(This article belongs to the Special Issue Membrane Distillation Process)
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Open AccessArticle
The Influence of Talc Addition on the Performance of Polypropylene Membranes Formed by TIPS Method
Membranes 2019, 9(5), 63; https://doi.org/10.3390/membranes9050063 - 14 May 2019
Abstract
The effect of talc addition on the morphology of capillary membranes formed by a thermally induced phase separation (TIPS) method was investigated in the presented work. The usability of such formed membranes for membrane distillation was evaluated. Two types of commercial capillary polypropylene [...] Read more.
The effect of talc addition on the morphology of capillary membranes formed by a thermally induced phase separation (TIPS) method was investigated in the presented work. The usability of such formed membranes for membrane distillation was evaluated. Two types of commercial capillary polypropylene membranes, fabricated for microfiltration process, were applied in the studies. A linear arrangement of polymer chains was obtained in the walls of membranes formed without a talc addition. In the case of membranes blended with talc, the linear structure was disordered, and a more porous structure was obtained. The changes in morphology enhanced the mechanical properties of blended membranes, and their lower thermal degradation was observed during 350 h of membrane distillation studies. Long-term studies confirmed the stability of talc dispersion in the membrane matrix. A leaching of talc from polypropylene (PP) membranes was not found during the membrane distillation (MD) process. Full article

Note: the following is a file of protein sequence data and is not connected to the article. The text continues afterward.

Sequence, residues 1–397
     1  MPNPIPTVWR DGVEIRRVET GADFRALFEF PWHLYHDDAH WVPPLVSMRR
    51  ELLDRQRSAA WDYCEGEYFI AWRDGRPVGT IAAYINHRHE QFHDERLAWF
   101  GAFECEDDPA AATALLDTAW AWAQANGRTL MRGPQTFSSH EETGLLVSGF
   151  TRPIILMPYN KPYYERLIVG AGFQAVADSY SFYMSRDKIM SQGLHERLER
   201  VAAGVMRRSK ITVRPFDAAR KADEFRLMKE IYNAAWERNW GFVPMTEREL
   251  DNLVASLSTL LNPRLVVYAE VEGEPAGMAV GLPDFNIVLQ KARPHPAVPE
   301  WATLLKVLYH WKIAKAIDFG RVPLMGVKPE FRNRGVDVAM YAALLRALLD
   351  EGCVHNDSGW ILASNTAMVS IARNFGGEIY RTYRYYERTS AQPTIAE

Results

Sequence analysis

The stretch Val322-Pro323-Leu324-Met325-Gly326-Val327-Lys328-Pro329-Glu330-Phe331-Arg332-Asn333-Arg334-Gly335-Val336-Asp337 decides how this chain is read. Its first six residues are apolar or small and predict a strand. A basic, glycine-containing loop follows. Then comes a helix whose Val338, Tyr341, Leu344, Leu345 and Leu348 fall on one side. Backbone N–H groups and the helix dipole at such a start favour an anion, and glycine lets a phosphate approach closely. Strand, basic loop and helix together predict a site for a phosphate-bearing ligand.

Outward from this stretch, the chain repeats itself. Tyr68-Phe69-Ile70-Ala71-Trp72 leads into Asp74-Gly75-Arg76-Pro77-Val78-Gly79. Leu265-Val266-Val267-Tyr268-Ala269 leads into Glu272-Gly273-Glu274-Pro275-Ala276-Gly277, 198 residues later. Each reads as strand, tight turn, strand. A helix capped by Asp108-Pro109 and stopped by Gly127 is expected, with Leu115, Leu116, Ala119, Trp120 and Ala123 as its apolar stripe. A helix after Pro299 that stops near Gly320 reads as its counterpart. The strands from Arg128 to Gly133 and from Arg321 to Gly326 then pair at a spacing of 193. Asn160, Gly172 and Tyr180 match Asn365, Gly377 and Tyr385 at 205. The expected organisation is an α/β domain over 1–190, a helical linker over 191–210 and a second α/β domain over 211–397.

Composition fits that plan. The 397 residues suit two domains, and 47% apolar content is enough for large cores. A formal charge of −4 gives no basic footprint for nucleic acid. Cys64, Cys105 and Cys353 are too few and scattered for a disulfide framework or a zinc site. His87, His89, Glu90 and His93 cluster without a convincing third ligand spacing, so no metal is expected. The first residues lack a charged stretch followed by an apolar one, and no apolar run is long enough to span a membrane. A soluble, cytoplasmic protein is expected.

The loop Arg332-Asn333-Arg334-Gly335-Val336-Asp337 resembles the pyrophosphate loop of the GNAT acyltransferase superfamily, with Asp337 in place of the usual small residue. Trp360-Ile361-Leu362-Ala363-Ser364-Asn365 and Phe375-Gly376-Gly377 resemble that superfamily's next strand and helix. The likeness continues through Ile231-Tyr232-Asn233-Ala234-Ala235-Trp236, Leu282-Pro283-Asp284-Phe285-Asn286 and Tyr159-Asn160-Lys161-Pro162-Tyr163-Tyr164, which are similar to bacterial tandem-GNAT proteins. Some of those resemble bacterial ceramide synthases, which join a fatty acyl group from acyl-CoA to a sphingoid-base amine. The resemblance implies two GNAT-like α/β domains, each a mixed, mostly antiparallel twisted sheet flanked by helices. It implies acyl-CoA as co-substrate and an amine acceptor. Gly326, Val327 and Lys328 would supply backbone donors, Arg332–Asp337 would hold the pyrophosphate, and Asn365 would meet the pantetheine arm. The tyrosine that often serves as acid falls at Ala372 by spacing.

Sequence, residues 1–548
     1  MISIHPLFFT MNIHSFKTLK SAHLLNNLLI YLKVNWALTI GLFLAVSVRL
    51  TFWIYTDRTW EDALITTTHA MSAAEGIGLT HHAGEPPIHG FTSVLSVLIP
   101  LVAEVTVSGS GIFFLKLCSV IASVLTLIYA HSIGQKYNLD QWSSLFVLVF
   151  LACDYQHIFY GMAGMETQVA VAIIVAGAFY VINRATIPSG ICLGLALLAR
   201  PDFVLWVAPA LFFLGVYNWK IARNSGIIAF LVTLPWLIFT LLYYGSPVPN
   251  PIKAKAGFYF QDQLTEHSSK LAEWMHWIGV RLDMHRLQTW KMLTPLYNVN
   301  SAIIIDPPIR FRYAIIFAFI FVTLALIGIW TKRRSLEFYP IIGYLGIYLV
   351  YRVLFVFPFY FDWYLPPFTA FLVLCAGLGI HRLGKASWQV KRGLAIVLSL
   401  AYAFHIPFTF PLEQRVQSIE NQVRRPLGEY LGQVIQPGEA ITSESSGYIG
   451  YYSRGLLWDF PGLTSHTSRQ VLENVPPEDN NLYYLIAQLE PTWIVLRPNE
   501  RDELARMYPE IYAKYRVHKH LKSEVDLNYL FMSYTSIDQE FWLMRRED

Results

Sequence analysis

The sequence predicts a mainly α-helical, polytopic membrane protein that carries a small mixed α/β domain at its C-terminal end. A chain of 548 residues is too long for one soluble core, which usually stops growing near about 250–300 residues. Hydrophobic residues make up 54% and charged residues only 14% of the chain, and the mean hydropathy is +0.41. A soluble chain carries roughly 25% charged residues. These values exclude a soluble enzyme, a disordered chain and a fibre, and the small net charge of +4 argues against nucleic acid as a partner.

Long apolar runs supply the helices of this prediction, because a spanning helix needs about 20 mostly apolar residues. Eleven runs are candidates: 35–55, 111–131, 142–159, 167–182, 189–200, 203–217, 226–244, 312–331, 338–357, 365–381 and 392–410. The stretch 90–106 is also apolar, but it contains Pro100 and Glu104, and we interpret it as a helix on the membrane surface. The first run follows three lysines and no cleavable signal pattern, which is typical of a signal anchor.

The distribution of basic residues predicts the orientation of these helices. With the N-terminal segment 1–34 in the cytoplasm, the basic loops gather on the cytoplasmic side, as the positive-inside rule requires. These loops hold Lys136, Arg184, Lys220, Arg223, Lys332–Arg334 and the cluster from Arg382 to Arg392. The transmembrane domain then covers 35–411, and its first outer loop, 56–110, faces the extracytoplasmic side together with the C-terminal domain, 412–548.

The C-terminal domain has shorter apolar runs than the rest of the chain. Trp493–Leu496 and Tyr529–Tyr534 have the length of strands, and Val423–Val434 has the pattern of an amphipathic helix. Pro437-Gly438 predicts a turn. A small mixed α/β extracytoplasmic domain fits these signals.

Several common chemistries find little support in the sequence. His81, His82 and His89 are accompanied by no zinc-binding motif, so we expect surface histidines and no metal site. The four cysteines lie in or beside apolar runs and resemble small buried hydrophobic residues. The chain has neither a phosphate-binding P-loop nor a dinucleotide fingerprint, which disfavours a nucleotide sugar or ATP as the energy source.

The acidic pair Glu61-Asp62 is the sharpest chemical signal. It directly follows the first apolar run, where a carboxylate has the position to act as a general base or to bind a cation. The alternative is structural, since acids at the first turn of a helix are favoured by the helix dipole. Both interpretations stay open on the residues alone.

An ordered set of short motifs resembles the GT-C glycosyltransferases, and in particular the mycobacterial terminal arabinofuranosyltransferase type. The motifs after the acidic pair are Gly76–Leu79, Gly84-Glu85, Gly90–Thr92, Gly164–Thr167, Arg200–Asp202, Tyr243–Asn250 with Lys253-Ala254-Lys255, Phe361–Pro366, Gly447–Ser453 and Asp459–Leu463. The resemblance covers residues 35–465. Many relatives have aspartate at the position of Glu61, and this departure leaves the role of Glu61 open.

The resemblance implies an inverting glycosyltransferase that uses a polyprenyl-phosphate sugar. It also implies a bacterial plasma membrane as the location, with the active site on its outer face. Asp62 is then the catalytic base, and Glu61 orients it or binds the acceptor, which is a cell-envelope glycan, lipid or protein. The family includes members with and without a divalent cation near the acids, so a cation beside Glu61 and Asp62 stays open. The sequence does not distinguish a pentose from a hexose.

(This article belongs to the Special Issue Membrane Distillation Process)
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Open AccessFeature PaperArticle
Triple-Layer Nanofiber Membranes for Treating High Salinity Brines Using Direct Contact Membrane Distillation
Membranes 2019, 9(5), 60; https://doi.org/10.3390/membranes9050060 - 06 May 2019
Cited by 1
Abstract
A composite, three-layered membrane for membrane distillation was prepared from electrospun polyvinylidene fluoride (PVDF) nanofibers supported by commercial polyethersulfone (PES) nanofiber based nonwoven from E.I. duPont de Nemours company (DuPont). The membranes were tested in direct contact membrane distillation (DCMD) using a 5.0 [...] Read more.
A composite, three-layered membrane for membrane distillation was prepared from electrospun polyvinylidene fluoride (PVDF) nanofibers supported by commercial polyethersulfone (PES) nanofiber based nonwoven from E.I. duPont de Nemours company (DuPont). The membranes were tested in direct contact membrane distillation (DCMD) using a 5.0 M sodium chloride brine as a feed solution. The triple layer membrane combines the hydrophobicity of PVDF and the robustness of the PES. The triple layer membrane demonstrated excellent performance in DCMD (i.e., relatively high water flux compared to the commercial PVDF membrane and a complete salt rejection of the brine) with mechanical properties imparted by the PES layer. This work is the first to demonstrate the use of a commercially produced nanofiber nonwoven for membrane distillation. Full article
(This article belongs to the Special Issue Membrane Distillation Process)
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Open AccessArticle
Concentrating of Sugar Syrup in Bioethanol Production Using Sweeping Gas Membrane Distillation
Membranes 2019, 9(5), 59; https://doi.org/10.3390/membranes9050059 - 01 May 2019
Abstract